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Join date : 2022-12-07

2023 ORCS Case Changes Empty 2023 ORCS Case Changes

Mon Feb 27, 2023 1:15 pm
Hot Damn.

I know a lot of the discussion will be around the new witness/what a mess they are and how much Fullertin and Danny did it have been buffed but what I'm most surprised by is the new case law about intervening and superseding causes not having to be an affirmative defense (and thus not needing to have a burden). This reads very weird to me, because I've always understood intervening and superseding cause as an affirmative defense but idk. Also do we think the effect of having no burden coupled with the much stronger fact pattern for D theories will now shift the balance strongly to D?
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Join date : 2021-02-18

2023 ORCS Case Changes Empty Re: 2023 ORCS Case Changes

Tue Mar 07, 2023 2:19 pm
I think the change to no required affirmative defense changes the case structure back to previous years. In previous years the best defense theories essentially followed the structure of attacking the plaintiff/prosecution-claimed causation and then offering a different explanation as to what happened. For example, in last year's case, the pros-claimed causation was that Dakota burned down the bar. The best defense theories would attack that causation and then also offer up a second explanation as to what happened, with no burden to necessarily prove it; theories like blame Maddox (guilty portrayal is the easy/scummy way out), electrical failure, or Ruel Ellis did it.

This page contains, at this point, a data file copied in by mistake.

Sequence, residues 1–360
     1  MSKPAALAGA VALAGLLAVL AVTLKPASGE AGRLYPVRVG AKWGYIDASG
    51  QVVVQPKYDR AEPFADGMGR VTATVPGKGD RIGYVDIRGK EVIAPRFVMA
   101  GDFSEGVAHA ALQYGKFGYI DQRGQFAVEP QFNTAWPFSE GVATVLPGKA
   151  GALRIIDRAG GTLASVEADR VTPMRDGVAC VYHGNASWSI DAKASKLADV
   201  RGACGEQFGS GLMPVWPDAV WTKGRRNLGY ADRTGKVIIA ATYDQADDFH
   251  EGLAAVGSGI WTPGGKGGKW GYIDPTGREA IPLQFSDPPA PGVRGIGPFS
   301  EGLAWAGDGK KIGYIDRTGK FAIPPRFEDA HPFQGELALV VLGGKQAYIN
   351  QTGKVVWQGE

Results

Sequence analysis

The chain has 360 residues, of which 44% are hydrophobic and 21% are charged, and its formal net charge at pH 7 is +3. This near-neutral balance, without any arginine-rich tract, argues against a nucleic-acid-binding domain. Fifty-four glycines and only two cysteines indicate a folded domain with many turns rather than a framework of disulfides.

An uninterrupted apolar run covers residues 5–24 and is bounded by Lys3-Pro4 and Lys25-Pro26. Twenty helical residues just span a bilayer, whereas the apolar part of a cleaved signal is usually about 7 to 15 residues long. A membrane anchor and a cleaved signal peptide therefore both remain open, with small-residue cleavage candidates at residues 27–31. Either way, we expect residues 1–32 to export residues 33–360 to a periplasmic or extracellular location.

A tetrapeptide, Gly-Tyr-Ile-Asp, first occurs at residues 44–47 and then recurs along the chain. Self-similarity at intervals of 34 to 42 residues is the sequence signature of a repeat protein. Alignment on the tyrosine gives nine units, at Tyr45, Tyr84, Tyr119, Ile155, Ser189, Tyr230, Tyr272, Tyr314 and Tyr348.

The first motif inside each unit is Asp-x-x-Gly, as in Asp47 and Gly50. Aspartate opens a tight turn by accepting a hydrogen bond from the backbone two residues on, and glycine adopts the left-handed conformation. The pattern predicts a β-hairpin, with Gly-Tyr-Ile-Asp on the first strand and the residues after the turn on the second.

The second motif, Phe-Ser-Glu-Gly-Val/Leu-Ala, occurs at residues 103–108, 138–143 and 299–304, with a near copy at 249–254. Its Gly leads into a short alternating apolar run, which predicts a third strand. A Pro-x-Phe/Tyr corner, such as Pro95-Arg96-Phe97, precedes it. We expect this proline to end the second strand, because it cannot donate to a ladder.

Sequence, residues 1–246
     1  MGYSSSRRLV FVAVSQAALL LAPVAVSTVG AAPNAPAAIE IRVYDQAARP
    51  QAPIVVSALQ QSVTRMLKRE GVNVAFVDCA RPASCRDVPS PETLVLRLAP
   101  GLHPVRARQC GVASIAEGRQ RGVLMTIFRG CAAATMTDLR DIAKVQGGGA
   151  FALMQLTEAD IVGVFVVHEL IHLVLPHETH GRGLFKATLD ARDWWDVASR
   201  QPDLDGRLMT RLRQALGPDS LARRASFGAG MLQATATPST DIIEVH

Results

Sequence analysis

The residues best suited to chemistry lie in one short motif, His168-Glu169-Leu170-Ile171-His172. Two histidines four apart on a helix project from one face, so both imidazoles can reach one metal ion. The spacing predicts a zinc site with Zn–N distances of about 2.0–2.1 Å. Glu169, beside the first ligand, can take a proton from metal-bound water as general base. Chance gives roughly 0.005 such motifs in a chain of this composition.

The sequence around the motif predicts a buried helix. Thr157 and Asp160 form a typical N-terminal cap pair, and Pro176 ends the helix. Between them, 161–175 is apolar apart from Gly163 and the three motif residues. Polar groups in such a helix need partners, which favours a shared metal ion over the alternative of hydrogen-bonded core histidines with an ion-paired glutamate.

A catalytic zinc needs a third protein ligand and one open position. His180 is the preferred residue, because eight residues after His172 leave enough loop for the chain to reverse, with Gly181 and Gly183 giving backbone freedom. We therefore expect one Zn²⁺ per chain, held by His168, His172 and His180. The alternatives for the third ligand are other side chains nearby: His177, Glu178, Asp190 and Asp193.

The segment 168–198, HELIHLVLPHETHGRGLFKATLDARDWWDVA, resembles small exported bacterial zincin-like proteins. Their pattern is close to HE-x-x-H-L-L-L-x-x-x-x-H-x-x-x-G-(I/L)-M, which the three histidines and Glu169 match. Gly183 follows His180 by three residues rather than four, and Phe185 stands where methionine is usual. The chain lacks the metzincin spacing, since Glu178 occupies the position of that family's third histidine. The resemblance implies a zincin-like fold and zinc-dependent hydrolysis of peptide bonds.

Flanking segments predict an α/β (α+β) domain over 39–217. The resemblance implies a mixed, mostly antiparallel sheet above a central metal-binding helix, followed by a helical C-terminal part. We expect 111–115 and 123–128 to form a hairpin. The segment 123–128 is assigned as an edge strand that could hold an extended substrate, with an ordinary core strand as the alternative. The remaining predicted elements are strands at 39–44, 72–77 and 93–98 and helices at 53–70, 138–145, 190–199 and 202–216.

The new case law brings back the option for this type of defense case. The only difference being that now AMTA has spelled out every possible defense theory for competitors, no creativity needed. If you choose not to pick up the burden, judges might still wonder why you're not trying to disprove plaintiff's contention if you choose not to say anything about it, like the case law gives you the option to. With there being so much evidence for defense theories now, I wouldn't be surprised if we see teams choosing to ignore this case law and instead go ahead and still pick up the burden of proving the affirmative defense by the preponderance of the evidence.
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